Yes, Thankful Even for This Year

There’s a t-shirt meme going around that shows the typical star rating system, with one through five stars. There is one star marked, and the caption reads, “2020 – Would Not Recommend.” Many people feel that way, as we’re often told by the mainstream media that this has been a horrible year.

We have had challenges. But horrible? Maybe according to them.

The pandemic has caused major upheavals in our economy and daily lives, but the death rate is getting closer to that of the normal, seasonal flu, about 0.1%. The difference with COVID-19 is that no one had experienced the disease before, so every exposure led to a possible infection, which means that we have a dramatically higher number of people getting COVID-19 than the normal flu.

But there again, the mainstream media glides by this point, as well as the estimate of how many people have already had the virus.

While we have positive tests for more than 12 million people, for every one of those another eight to 10 people have had the disease, but did not get tested. They might’ve had it with no symptoms, or just mild symptoms, and had no idea they were infected with COVID-19.  At the low end, that would mean another 96 million cases added to the 12 million. In a nation of 335 million people, that means one-third of us have already had the disease.

And we responded at lightning, or warp, speed.

With government support, pharmaceutical companies developed and tested a vaccine in less than nine months, which is a record. They’re still testing it, and should, for safety and effectiveness, but this is close to the “miracle” that the mainstream media said we would need to get a vaccine before the end of the year, as President Trump suggested would happen.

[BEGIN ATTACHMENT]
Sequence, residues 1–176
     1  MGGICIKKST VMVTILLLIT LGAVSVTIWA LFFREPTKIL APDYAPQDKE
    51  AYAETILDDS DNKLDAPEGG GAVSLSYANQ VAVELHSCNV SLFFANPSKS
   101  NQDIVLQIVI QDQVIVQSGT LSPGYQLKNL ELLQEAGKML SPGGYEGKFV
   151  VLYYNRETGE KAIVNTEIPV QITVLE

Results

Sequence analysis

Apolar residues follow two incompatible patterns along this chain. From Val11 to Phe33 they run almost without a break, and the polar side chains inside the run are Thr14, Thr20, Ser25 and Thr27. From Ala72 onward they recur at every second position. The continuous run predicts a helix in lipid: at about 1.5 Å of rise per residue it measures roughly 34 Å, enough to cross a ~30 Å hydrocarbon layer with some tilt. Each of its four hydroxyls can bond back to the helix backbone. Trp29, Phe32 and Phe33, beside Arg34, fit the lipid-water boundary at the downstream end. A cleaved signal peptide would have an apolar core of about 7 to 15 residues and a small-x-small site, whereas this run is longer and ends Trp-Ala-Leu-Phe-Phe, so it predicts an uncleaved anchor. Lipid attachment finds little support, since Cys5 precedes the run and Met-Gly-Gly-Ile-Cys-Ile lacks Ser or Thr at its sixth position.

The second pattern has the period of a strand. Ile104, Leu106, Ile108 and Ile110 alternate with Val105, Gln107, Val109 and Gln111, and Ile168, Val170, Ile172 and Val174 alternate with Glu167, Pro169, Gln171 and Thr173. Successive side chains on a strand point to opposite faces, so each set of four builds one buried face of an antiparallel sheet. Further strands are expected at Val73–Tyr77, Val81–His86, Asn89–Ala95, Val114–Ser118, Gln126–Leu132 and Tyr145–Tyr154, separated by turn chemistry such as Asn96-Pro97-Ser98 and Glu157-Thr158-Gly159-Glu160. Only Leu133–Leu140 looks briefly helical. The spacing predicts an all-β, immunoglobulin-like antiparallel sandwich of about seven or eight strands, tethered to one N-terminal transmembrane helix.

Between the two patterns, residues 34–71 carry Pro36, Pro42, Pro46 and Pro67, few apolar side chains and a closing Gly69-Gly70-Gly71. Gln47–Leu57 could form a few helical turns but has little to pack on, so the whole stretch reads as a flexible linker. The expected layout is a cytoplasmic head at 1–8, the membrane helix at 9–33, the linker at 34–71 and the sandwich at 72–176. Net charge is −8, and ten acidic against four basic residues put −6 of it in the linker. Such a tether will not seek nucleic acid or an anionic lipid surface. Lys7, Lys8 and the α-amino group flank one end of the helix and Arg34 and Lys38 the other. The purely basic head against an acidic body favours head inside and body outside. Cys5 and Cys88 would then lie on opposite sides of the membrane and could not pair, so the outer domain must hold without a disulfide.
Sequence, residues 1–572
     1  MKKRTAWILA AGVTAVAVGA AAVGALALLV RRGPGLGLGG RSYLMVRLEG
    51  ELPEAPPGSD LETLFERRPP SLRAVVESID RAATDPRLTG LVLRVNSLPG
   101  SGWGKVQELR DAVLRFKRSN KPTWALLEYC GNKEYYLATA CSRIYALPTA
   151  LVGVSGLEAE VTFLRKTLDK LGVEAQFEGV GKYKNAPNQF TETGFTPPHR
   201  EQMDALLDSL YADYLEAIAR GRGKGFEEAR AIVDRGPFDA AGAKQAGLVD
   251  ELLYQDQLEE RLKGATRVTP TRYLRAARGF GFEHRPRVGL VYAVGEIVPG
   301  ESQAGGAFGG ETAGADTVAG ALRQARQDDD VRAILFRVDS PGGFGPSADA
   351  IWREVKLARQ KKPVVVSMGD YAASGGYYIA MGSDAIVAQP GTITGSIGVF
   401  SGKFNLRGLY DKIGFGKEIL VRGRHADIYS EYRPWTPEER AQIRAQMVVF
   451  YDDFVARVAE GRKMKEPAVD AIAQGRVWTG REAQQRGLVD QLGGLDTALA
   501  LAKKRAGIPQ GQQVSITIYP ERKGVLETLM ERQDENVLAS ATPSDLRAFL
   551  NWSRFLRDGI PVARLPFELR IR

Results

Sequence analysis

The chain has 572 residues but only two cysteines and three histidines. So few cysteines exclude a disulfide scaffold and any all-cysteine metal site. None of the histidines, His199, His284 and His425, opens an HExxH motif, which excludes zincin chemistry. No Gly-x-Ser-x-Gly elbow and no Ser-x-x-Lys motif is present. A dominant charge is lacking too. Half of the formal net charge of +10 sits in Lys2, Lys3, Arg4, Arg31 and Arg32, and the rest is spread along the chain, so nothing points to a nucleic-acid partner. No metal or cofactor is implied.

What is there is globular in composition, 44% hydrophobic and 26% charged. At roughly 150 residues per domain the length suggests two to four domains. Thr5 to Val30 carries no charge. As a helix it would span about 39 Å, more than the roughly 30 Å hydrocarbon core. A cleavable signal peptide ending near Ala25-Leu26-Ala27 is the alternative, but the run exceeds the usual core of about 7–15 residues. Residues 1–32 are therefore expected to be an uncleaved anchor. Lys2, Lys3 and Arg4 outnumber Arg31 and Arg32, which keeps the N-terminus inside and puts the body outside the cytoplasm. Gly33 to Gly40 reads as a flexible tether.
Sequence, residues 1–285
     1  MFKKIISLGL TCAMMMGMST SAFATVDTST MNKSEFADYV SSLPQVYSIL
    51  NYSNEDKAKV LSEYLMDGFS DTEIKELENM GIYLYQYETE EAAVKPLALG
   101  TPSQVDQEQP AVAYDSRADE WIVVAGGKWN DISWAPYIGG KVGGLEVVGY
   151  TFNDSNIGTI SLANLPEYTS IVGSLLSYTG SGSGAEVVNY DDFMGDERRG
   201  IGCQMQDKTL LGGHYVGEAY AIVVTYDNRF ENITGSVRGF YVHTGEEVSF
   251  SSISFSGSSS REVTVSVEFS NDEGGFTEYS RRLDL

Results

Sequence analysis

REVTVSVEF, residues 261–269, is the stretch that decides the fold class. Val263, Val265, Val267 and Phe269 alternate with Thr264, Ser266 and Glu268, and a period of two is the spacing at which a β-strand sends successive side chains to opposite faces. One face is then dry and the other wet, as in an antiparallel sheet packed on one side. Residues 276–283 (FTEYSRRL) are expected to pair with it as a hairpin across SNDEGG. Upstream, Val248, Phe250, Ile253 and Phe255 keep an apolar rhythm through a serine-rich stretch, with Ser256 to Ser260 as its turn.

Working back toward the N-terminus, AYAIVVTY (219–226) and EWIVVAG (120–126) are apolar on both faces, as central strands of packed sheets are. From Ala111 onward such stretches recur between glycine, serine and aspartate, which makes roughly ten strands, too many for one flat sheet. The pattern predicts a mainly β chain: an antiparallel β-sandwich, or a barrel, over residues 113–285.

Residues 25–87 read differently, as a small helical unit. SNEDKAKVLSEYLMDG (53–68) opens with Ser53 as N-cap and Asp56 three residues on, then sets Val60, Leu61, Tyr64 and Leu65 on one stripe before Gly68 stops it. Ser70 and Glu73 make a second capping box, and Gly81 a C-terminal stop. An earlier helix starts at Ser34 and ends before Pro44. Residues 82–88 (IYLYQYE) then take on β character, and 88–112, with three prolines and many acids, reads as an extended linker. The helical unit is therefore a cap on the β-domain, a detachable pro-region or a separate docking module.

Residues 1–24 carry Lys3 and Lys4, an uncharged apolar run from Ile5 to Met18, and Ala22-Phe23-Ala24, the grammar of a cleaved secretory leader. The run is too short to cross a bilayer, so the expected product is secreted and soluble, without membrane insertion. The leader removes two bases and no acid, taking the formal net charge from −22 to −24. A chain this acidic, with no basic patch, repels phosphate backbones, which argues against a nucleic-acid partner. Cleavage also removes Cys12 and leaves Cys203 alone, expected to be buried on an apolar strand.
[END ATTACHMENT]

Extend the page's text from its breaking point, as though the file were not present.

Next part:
We had a contentious, crazy election, with shenanigans and malfeasance. And yet we had no civil war, no cities burning. The hype we heard about what would happen, no matter the outcome, was just that, hype.

We’re defying calls to abandon Thanksgiving.

From Sheriffs in California to law enforcement in New York, people around the country are pushing back against the idea that government officials can intrude on our personal lives in such a way. We don’t need the court system to tell us this flys in the face of liberty, common sense serves that purpose.

And our retirement accounts and home values recovered then marched higher.

For many people, March was a time of great anxiety.  We watched as the major stock indices tumbled, eventually falling more than 20%, while the real estate markets ground to a halt.  Then, as Congress and the Federal Reserve rolled out plans to keep the economy moving, we climbed higher.  First slowly, and then at speed.  Americans now have more money saved, invested, and in-home equity than they did before the pandemic.

Everything isn’t perfect.  We have a long way to go to fully repair the economy, we’re divided over politics, and the pandemic is still raging. But we’re responding to these issues as we always have.  We’re finding our bearings, which are liberty and progress, and then marching ahead.

Let’s be thankful for all what and who we have in our lives, and that we get to choose our path.

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